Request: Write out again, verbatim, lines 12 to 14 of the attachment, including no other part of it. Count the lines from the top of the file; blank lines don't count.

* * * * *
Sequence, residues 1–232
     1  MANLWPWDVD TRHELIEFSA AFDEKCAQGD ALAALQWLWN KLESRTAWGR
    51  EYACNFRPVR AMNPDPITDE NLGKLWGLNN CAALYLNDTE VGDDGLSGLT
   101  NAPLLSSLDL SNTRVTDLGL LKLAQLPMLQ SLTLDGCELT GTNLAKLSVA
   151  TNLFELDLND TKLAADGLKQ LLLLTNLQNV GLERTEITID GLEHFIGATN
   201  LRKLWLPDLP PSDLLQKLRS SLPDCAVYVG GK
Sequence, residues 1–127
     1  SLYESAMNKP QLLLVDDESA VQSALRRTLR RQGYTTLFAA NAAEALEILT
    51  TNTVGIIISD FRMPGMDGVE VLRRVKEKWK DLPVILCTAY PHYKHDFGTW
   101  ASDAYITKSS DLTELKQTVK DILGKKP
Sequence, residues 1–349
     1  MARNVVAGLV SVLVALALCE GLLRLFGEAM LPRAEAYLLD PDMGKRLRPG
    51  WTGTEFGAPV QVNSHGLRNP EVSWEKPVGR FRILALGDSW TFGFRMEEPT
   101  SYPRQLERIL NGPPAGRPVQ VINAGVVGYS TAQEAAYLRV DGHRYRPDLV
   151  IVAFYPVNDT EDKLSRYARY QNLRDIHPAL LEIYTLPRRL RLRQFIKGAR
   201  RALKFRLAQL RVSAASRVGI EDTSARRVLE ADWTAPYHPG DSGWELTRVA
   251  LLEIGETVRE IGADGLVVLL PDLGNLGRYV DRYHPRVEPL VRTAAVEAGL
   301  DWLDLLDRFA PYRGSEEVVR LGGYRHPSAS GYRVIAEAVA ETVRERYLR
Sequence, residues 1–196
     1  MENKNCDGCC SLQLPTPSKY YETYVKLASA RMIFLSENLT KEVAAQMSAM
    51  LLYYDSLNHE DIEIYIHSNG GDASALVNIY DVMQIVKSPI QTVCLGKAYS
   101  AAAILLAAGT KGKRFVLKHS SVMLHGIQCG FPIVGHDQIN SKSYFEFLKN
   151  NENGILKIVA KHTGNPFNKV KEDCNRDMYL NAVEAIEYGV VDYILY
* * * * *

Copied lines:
     1  MARNVVAGLV SVLVALALCE GLLRLFGEAM LPRAEAYLLD PDMGKRLRPG
    51  WTGTEFGAPV QVNSHGLRNP EVSWEKPVGR FRILALGDSW TFGFRMEEPT
   101  SYPRQLERIL NGPPAGRPVQ VINAGVVGYS TAQEAAYLRV DGHRYRPDLV